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How Negativity Affects A TKR

Recently, I have received comments and emails regarding how frightening my blog is. I have written about this before, but believe something else needs to be said.

MINDSET: Your mindset going into a tkr is what determines how well you will recuperate and how hard you will work. The pain of recuperation is intense. And…that’s a mild description. If you go into a tkr thinking “Oh my god, this is terrible”….it will be terrible. If you go into the tkr thinking “I’m going to make the best of this”….you will.

PAIN LEVEL: Also, if your pain level prior to a tkr is not to the point of you thinking “I don’t want to deal with this pain anymore. It is limiting my life. I can’t do what I want to do physically. Enough is enough!” …maybe you are not ready for a knee replacement. Personally, I was carrying crutches with me everywhere I went for a year prior to my surgery. My knee was locking up whenever it wanted. I didn’t know what to expect or when it would happen. The pain was debilitating. I despised the uncertainty. Even the task of walking caused excruciating pain. And…I absolutely love to walk. I walk when others grab a cab, that’s how much I love it. I wanted to walk painlessly.

Prior to my tkr, I couldn’t move from a sitting or prone position without extreme pain. I needed to adjust my spinal column to lessen the pain.

RECUPERATION: The amount of exercising needed to recuperate from a tkr is immense. It’s extremely easy to get frustrated (and we all do it). The time needed to do these exercises and see results is not a quick fix. It is a long and very arduous process. Everyone is different. Don’t compare yourself to others. Compare yourself to yourself.

Anyways, I hope this helps those thinking about undergoing a knee replacement. At least you’re lucky enough to read about all that is involved regarding the long recuperation process. Many of my readers, and myself, were not that lucky. I went into the surgery thinking I’d be kicking butts within a month. Was I wrong.

Having a knee replacement is the best thing I could have done. I’ve received the same feedback from many of my readers, also. In fact, this blog has turned into a very welcoming support system. For that, I am grateful to everyone who has contributed. 🙂

You’ll know when you’re ready. Listen to your intuition. Kindly don’t blame me for providing realistic information. I could write about a tkr negatively, but I don’t. There are far too many positive results involved. Yes, the information can be surprising and eye opening. Don’t tell me I scare or frighten you, I don’t like hearing that since that’s not my intention. It is all in your own mindset and how you interpret information.

Thanks for listening and best of luck to all!

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4 Responses

  1. Hello Marie, I’ve just returned home from Vancouver and have been catching up on some of my favourite boards including this one, when I came upon your post.

    Needless to say I was annoyed to read that some people find it easier to focus there fear on your blog, than find the heart to face their own fears.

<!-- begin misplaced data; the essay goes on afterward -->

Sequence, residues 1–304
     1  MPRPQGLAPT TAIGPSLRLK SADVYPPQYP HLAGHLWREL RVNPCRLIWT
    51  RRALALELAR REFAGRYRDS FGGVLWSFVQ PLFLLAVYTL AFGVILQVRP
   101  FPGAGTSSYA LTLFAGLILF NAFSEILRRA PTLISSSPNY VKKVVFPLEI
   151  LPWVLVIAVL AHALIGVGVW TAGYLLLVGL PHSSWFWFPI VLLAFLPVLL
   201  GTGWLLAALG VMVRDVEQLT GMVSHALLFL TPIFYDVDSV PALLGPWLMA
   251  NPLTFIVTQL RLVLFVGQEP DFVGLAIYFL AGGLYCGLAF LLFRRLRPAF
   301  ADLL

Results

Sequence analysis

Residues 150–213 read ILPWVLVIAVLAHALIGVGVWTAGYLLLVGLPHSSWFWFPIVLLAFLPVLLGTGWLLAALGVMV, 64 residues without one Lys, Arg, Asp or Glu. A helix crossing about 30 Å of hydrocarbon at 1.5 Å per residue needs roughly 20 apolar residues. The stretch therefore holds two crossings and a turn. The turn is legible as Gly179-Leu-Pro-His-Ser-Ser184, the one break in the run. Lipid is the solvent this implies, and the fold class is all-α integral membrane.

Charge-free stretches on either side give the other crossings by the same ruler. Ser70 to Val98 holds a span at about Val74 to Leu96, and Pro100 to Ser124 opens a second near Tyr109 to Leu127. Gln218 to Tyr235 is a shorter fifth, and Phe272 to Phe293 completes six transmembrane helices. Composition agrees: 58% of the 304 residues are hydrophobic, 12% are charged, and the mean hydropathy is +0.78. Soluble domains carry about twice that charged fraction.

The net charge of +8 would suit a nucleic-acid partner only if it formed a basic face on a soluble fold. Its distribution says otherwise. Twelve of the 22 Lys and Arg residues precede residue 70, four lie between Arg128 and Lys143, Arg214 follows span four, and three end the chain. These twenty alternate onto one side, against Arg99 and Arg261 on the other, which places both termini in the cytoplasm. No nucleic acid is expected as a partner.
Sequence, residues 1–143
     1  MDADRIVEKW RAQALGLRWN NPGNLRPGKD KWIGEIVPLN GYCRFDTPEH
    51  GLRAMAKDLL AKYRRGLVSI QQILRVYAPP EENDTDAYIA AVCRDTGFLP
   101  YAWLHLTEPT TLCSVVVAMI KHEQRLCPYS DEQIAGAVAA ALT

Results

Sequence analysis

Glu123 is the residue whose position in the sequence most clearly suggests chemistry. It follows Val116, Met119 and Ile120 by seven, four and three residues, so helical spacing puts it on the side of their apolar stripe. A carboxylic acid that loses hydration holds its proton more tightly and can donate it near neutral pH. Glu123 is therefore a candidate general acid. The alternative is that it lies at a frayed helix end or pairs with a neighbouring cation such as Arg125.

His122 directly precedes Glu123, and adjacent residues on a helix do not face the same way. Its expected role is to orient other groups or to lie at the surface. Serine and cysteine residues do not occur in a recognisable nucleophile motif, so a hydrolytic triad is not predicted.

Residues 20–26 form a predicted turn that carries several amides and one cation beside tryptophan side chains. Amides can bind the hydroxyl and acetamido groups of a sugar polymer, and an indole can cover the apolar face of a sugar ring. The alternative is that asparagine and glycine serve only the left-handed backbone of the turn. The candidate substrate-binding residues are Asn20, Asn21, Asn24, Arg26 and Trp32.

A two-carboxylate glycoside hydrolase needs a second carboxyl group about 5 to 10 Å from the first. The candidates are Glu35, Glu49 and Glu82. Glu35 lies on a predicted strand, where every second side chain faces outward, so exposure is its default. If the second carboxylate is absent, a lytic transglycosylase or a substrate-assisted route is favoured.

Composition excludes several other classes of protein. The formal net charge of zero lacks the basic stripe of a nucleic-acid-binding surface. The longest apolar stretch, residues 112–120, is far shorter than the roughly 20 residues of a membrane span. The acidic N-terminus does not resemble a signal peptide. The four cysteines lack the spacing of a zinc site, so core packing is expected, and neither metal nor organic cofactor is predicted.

I hope you realize it goes without saying that those of us that have faced down these demons and deal with our situations on a daily basis, take a great deal of pleasure from your writing and musings.

    Keep up the good works…………

    Rick
    Toronto

  2. hi there, anita again! i totally was at the enough is enough stage. i was using a cane. i felt ridiculous. esp considering that just 4 years ago, i was a weightlifter. ugh.
    (btw- i got lyme disease at 42, was not diagnosed for a looong time, it went into a type of RA and at 46 i’m getting bionic parts and bone cut off. joy)

    i do my own pt everyday and struggle thru the pain with the mindset that i didn’t just do multiple $40K worth of agony inducing surgery to wimp out on working thru it. i have a different set of rules and timelines due to the achilles surgery, but that’s ok. i love it that you’re up front, blatant and honest. i’d rather have a harsh truth than a pretty lie any day. and you can routinely hear me stop, point at the knee and say, “i’m the boss of you, you WIll work and do what i say!!!” my husband just shakes his head and laughs.

    two more questions tho, first, when does it become more comfortable to sit normally for a length of time. i still can’t do restaurants cause i become really uncomfortable in about 10 minutes.
    did anyone else get this itchy thing going? i ended up allergic to all pain meds, and am now down to just tylenol and advil alternately, but i’m still itching like crazy. anyone else you know have that problem?

  3. I am now 4 months out of having a left total knee replacement. I was also at the enough was enough stage, I had been an aerobics instructor, my body was use to exercising, and I had problems even getting out of a chair, and from lack of exercise I was starting to gain weight. I was bone on bone. PT is hard and you have to really work at it, but, it’s worth it. I can now get out of a chair and walk without fear of my knee locking or giving out on me. I still get stiff after sitting, but it’s not like it was before the surgery.

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